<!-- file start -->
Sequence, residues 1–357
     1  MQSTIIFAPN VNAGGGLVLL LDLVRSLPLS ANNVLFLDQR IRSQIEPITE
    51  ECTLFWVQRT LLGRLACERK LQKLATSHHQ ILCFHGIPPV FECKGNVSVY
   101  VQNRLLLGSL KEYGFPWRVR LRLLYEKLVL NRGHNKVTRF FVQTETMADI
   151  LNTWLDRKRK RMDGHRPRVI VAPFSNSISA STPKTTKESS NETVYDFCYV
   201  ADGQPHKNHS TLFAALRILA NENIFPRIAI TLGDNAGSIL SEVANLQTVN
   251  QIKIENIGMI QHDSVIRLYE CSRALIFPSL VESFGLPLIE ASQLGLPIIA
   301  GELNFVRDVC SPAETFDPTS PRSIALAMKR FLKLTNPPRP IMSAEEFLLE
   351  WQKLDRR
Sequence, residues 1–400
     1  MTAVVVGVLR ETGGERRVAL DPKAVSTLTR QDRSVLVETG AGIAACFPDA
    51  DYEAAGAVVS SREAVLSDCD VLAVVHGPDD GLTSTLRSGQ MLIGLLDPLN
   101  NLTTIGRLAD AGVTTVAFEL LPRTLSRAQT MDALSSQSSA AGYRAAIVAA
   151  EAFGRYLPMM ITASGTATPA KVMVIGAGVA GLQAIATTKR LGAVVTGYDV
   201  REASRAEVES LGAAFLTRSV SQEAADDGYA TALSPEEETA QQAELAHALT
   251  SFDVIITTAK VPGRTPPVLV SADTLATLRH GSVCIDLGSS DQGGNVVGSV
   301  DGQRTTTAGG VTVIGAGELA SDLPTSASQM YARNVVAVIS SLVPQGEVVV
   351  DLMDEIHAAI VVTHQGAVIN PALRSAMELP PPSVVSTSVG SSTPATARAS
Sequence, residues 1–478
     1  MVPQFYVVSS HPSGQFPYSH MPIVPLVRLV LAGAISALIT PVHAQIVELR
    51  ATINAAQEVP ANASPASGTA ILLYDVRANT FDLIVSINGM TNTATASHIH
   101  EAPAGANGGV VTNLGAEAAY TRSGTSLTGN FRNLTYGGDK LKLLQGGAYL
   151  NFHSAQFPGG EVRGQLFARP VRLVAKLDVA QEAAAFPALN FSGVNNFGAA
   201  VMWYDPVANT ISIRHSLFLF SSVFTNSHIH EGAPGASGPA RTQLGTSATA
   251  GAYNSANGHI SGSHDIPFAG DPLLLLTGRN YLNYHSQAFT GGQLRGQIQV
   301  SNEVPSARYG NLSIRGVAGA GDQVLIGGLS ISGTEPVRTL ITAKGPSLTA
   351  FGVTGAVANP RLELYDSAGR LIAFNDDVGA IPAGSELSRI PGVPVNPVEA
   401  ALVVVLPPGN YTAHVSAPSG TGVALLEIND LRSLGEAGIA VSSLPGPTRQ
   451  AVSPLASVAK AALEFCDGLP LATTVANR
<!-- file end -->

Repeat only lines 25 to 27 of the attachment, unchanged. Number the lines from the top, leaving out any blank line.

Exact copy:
   251  GAYNSANGHI SGSHDIPFAG DPLLLLTGRN YLNYHSQAFT GGQLRGQIQV
   301  SNEVPSARYG NLSIRGVAGA GDQVLIGGLS ISGTEPVRTL ITAKGPSLTA
   351  FGVTGAVANP RLELYDSAGR LIAFNDDVGA IPAGSELSRI PGVPVNPVEA